I'd expect 380 with circular dish pistons where the squish/quench clearance is rather deep and as a result insufficient. With a D dish or flat top piston, a deck and head gasket combo that nets out about .040 to .055 inch of crown to deck clearance which with a 12 cc D cup will deliver an SCR of 9.6 or 9.3 respectively. You can diddle a few more ponies by using 1.6 rockers, back cutting the exhaust valves at 30 degrees and polishing the back side of the intakes with your home ported Vortecs.

That's all it takes to get some impressive numbers out of a 350, no crazy involved, just attention to the details and careful parts selection which sounds like something you've already done much of.

Bogie
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Old 10-31-2011, 01:18 PM
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Awesome post bogie. I just changed the lift in my desktop dyno from .560 to .5 and it only lost 4hp! I guess maybe ill consider keeping the lift down because like you said im gonna run into issues rocker to stud, pushrods to guide, springs to coil bind, spring rate and strength
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Old 10-31-2011, 01:32 PM
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Quote:
Originally Posted by zildjian4life218
Awesome post bogie. I just changed the lift in my desktop dyno from .560 to .5 and it only lost 4hp! I guess maybe ill consider keeping the lift down because like you said im gonna run into issues rocker to stud, pushrods to guide, springs to coil bind, spring rate and strength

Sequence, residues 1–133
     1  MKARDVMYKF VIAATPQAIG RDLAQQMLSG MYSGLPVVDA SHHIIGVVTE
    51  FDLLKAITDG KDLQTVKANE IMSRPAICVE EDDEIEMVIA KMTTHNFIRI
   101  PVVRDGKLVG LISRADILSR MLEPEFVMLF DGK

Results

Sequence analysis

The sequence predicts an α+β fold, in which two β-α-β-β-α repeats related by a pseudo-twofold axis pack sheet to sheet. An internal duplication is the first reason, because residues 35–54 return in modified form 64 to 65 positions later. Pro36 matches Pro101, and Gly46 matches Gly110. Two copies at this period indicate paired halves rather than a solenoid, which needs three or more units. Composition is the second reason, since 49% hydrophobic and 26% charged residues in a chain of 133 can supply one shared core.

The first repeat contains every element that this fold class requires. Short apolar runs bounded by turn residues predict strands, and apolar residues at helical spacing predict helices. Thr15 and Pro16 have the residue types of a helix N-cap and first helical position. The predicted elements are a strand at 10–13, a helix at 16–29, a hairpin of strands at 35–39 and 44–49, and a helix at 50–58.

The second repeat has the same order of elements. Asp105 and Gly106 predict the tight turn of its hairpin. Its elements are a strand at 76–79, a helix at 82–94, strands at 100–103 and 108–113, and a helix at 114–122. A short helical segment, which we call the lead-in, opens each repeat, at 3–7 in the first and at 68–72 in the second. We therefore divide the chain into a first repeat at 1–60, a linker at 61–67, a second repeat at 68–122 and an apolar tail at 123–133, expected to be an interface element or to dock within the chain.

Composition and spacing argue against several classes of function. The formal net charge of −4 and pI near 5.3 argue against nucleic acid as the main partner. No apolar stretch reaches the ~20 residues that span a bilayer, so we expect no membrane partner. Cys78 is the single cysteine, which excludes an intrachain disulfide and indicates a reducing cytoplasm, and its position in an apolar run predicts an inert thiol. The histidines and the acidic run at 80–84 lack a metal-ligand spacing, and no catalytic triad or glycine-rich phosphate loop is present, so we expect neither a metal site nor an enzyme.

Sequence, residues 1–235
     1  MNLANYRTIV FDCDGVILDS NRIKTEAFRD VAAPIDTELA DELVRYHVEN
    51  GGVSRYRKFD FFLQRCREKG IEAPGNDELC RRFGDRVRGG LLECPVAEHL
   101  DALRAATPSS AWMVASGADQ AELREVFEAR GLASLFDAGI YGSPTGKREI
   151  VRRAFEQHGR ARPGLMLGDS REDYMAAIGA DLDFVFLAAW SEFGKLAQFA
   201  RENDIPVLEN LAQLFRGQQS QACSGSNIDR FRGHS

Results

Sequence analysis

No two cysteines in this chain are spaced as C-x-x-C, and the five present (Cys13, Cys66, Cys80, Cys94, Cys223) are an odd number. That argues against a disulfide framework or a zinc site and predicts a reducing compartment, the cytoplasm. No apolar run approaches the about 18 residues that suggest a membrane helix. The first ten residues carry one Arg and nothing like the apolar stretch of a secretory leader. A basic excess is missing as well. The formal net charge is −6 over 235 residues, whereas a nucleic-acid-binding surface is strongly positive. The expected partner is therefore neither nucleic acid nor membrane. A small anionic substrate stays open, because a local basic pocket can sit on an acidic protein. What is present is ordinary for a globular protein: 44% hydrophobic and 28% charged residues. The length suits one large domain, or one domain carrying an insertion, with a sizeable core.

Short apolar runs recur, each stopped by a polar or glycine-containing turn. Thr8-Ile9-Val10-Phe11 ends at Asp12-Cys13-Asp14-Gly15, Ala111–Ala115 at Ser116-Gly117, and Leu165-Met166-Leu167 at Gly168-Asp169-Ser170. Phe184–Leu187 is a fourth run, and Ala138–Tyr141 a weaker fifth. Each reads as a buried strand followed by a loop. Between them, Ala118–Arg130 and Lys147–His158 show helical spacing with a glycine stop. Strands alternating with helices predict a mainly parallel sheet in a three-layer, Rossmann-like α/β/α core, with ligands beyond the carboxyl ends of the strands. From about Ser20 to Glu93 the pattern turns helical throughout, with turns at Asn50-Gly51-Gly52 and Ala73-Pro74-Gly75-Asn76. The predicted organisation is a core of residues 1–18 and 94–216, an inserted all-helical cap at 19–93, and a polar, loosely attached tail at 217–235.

be careful with those "dexktop dynos" they don't take into account the entire lift curve (as they usually can't), not only will your peak lift be higher but you'll have more duration above every lift point, which adds up. For 320fwhp a mild flat tappet cam can work, but if you want to get into the 425fwhp+ range you're going to need some lift. accounting for 20% drievetrain loss you'll need AT LEAST 400hp, the more the better. Also consider the additional cost of running the hotter cam over the mild cam is about $100 extra on valvetrain expense- cheap hp in my book.

Again, it all depends on what you want, if you want to just build something mild and cheap or max out what you have- MOST of what I have built has been mild and cheap as it is cheap. But when you do your homework and spend a little extra it can make a big difference.

Basically the same reasoning that applies to a 383vs a 350 applies to one cam vs another, the costs aren't that much more and the output is higher.
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Old 10-31-2011, 01:50 PM
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Nowhere in this thread has anyone mentioned matching up the cam with the static compression ratio. That's one of the first questions the tech at the cam grinder will be asking if you call for a recommendation.

I got lambasted when I introduced this chart a few months ago, but if you're not paying attention to the SCR/cam timing, you're shooting yourself in the foot. It's always tough getting wrapped around an idea that you never thought about before.